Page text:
Enclosure (John Frusciante album)

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Enclosure
Fruscianteenclosure.jpg
Studio album by
ReleasedApril 8, 2014
Recorded2012–2013
GenreSynth-pop, lo-fi, experimental rock
Length37:37
48:41 (Japanese release)
LabelRecord Collection
ProducerJohn Frusciante
John Frusciante chronology
Outsides
(2013)
Enclosure
(2014)
Trickfinger
(2015)

Enclosure is the tenth studio album by American musician John Frusciante, released on April 8, 2014 (7 April in UK) on Record Collection.[1][2]

On February 18, 2014, Frusciante made the first song recorded for the album, "Scratch", a song written during The Empyrean sessions, available through his website as a free download.[3]

On March 19, 2018, Frusciante uploaded a version of "Scratch", "(vocal Fx Mix)", to SoundCloud.

Background[edit]

Frusciante said of the album, "Enclosure, upon its completion, was the record which represented the achievement of all the musical goals I had been aiming at for the previous 5 years. It was recorded simultaneously with Black Knights' Medieval Chamber, and as different as the two albums appear to be, they represent one investigative creative thought process. What I learned from one fed directly into the other. Enclosure is presently my last word on the musical statement which began with PBX."[4]

Release in space[edit]

On March 29, 2014, a copy of Enclosure was loaded onto an experimental Cube Satellite dubbed by Record Collection as Sat-JF14 and launched to an altitude of 10,000 ft aboard an Interorbital Systems NEPTUNE Modular Rocket.

Beginning March 31, fans from around the world could download the free, custom-built Sat-JF14 mobile application which was meant to enable users to track the satellite movement in real time (the satellite, however, was only a simulation, as the rocket only reached an altitude of 10,000 ft or 3,048 meters before safely falling to the ground for recovery[5]). When "Sat-JF14" "hovered" over a users’ geographic region, the Enclosure app would get unlocked, allowing users to listen to the album for free on any iOS or Android mobile device.[6]

Reception[edit]

Professional ratings
Aggregate scores
SourceRating
Metacritic55/100[7]
Review scores
SourceRating
AllMusic[8]
American Songwriter[9]
Classic Rock6/10[10]
Consequence of SoundC−[11]
Magnet[12]
Mojo[13]
No Ripcord6/10[14]
Q[15]

At Metacritic, which assigns a weighted mean rating out of 100 to reviews from mainstream critics, the album received an average score of 55, based on nine reviews, which indicates "mixed or average reviews".[7]

Track listing[edit]

All tracks are written by John Frusciante.

No.TitleLength
1."Shining Desert"4:46
2."Sleep"4:23
3."Run"2:15
4."Stage"3:09
5."Fanfare"4:50
6."Cinch"6:25
7."Zone"4:07
8."Crowded"3:47
9."Excuses"3:53
Total length:37:37
Japanese Bonus Tracks
No.TitleLength
10."Vesiou"4:18
11."Scratch"6:26
Total length:48:41

Personnel[edit]

Musicians[edit]

  • John Frusciante – all instruments (guitar, bass, vocals, keyboards, synthesizers, drum machine, sequencer, samples)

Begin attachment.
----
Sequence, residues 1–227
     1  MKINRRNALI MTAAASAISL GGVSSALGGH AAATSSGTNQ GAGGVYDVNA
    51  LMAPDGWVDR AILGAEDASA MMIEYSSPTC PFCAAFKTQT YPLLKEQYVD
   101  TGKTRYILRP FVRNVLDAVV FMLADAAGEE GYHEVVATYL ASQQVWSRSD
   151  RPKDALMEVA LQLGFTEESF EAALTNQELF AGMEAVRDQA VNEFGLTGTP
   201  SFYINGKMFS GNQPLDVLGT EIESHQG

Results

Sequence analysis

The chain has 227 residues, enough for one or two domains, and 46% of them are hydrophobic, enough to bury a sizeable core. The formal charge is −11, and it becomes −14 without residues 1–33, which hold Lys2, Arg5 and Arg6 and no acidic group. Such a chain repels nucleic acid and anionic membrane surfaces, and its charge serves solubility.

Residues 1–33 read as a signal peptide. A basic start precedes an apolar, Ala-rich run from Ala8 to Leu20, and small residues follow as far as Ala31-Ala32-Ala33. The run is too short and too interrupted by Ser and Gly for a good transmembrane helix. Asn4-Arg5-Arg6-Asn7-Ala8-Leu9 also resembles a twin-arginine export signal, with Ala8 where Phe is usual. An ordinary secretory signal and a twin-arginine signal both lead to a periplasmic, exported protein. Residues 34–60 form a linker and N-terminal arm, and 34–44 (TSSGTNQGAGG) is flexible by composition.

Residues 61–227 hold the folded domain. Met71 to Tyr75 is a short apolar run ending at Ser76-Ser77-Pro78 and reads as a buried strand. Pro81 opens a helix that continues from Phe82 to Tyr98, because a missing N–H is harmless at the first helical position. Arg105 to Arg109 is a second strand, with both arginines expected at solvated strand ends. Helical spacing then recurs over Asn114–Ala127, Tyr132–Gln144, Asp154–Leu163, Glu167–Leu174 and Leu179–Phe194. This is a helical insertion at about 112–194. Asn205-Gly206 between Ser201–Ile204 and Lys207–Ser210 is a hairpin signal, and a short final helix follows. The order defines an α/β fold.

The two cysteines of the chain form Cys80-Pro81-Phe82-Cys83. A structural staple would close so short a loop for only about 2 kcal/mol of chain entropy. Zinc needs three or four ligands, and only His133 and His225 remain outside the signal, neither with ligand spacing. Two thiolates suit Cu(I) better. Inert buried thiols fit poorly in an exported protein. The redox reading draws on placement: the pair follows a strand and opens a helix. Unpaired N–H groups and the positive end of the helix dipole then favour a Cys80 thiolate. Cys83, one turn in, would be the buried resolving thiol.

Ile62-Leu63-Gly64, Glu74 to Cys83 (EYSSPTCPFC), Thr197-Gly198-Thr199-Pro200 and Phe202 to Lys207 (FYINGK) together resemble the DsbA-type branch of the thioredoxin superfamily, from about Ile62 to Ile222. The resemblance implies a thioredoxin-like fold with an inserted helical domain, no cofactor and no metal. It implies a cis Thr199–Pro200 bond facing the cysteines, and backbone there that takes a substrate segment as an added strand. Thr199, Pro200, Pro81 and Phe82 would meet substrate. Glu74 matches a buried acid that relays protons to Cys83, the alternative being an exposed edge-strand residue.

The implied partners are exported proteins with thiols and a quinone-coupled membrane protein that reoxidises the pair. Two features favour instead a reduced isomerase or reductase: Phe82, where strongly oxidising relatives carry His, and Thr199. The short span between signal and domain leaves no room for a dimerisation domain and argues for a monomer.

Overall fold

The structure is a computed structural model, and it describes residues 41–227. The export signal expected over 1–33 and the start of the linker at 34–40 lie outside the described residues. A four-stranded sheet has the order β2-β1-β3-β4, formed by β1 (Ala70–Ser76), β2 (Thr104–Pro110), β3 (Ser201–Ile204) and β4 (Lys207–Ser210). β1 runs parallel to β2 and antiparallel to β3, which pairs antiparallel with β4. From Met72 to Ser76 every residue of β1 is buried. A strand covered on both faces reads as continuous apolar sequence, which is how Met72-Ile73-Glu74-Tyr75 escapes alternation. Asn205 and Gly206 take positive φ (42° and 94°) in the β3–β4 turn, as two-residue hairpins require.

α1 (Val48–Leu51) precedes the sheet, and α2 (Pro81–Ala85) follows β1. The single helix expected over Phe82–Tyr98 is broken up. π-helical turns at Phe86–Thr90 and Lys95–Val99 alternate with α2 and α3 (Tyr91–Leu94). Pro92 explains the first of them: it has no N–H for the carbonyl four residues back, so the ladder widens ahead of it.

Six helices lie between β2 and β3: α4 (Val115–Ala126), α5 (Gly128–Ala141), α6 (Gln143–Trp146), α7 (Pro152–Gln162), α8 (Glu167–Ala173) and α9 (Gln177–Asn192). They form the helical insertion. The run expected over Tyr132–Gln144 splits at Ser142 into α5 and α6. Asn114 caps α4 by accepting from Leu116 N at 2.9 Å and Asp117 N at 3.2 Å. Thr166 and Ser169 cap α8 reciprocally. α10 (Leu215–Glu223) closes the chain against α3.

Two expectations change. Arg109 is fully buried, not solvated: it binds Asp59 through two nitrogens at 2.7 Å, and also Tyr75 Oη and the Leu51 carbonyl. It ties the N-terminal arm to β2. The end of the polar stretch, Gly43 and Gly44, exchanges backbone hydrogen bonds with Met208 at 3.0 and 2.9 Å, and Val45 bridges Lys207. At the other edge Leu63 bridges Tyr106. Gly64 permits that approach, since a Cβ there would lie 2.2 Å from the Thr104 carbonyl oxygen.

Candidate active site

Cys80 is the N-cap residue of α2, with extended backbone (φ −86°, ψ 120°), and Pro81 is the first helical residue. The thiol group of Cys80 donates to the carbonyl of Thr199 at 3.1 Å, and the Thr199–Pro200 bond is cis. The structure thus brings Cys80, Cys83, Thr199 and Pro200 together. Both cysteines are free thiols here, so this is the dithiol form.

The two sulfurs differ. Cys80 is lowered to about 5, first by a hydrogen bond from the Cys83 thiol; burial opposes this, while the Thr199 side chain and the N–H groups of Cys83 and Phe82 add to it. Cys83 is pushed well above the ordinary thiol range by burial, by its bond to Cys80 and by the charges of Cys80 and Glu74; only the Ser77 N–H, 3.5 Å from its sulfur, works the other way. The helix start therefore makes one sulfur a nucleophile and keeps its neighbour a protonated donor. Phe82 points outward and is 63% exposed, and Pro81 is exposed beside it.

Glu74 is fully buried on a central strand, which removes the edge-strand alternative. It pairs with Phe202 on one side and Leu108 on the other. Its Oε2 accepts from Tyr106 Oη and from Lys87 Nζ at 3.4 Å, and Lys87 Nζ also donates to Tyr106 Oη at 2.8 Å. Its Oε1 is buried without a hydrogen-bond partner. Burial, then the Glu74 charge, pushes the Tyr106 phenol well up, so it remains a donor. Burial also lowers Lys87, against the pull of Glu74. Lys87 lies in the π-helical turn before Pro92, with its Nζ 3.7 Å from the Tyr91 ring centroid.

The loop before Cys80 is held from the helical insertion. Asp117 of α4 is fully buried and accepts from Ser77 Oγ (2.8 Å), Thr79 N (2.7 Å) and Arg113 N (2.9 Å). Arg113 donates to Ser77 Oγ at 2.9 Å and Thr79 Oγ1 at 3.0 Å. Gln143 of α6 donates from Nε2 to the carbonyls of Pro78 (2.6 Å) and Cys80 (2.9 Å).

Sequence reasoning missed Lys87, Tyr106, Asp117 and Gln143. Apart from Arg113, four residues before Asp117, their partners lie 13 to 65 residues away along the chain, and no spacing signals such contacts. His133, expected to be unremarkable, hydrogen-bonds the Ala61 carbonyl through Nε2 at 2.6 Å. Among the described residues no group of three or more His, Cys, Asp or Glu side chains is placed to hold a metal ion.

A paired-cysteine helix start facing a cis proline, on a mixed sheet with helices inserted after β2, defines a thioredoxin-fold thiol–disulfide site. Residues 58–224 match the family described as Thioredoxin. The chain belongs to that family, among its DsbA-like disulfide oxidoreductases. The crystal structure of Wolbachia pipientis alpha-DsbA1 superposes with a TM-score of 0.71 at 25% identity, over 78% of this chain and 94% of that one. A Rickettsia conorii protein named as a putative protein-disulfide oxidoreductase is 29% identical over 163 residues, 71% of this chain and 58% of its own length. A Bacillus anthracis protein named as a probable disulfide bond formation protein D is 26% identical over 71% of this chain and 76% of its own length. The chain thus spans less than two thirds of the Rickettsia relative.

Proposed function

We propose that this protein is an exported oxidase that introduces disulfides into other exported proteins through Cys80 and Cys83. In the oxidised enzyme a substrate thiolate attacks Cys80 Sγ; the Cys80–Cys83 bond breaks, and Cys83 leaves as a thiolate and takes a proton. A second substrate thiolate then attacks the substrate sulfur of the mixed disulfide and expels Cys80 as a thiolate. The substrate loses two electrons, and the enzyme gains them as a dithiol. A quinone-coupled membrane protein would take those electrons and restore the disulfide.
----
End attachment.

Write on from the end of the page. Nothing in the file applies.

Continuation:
Recording personnel[edit]

  • John Frusciante – producer
  • Anthony Zamora – studio manager

Artwork[edit]

  • John Frusciante and Julian Chavez - artwork
  • Nabil - cover photo
  • Meryl Slay - retouching

Charts[edit]

Chart performance for Enclosure
Chart Peak
position
Belgian Albums (Ultratop Flanders)[16] 112
US Heatseekers Albums (Billboard)[17] 16

References[edit]

  1. ^ "John's new LP, Enclosure out April 8th + free mp3 of "Scratch" | John Frusciante unofficial – Invisible Movement". invisible-movement.net. Archived from the original on 2014-02-18. Retrieved 2014-02-18.
  2. ^ Hughes, Josiah (2014-02-19). "John Frusciante Announces 'Enclosure' Album". Exclaim!. Retrieved 2014-03-01.
  3. ^ Geslani, Michelle (2014-02-19). "John Frusciante announces new album, Enclosure, streams "Scratch"". Consequence of Sound. Retrieved 2014-03-01.
  4. ^ "John Frusciante". johnfrusciante.com. Retrieved 2014-02-18.
  5. ^ "CPMTVLaunch033014". Archived from the original on 2014-04-07. Retrieved 2014-05-06.
  6. ^ "John Frusciante". Archived from the original on 2014-03-31. Retrieved 2014-03-31.
  7. ^ a b "Enclosure - John Frusciante". Metacritic. Retrieved 20 October 2014.
  8. ^ Thomas, Fred. "Enclosure - John Frusciante". AllMusic. Retrieved 20 October 2014.
  9. ^ Sullivan, Matt (22 April 2014). "John Frusciante: Enclosure". American Songwriter. ForASong Media, LLC. Retrieved 20 October 2014.
  10. ^ A bold endeavour, for sure, but it often sounds too busy for its own good. [Jul 2014, p.92]
  11. ^ Hadusek, Jon (8 April 2014). "Album Review: John Frusciante – Enclosure". Consequence of Sound. Retrieved April 13, 2014.
  12. ^ [The album is] somewhere between his recent acid house work as Speed Dealer Moms and his dramatic collaborations with Omar Rodriguez-Lopez and Wu-Tang acolytes Black Knights--and pretty much everything he's done to date. [No. 110, p.55]
  13. ^ Textured electronica and crafted melodies make for a dense and absorbing effort. [Aug 2014, p.96]
  14. ^ Lodder, Luiza (14 April 2014). "John Frusciante: Enclosure". No Ripchord. Retrieved 20 October 2014.
  15. ^ Enclosure, his 11th solo record, is uncomfortably disjointed. [Jul 2014, p.107]
  16. ^ "Ultratop.be – John Frusciante – Enclosure" (in Dutch). Hung Medien. Retrieved April 25, 2020.
  17. ^ "John Frusciante Chart History (Heatseekers Albums)". Billboard. Retrieved April 25, 2020.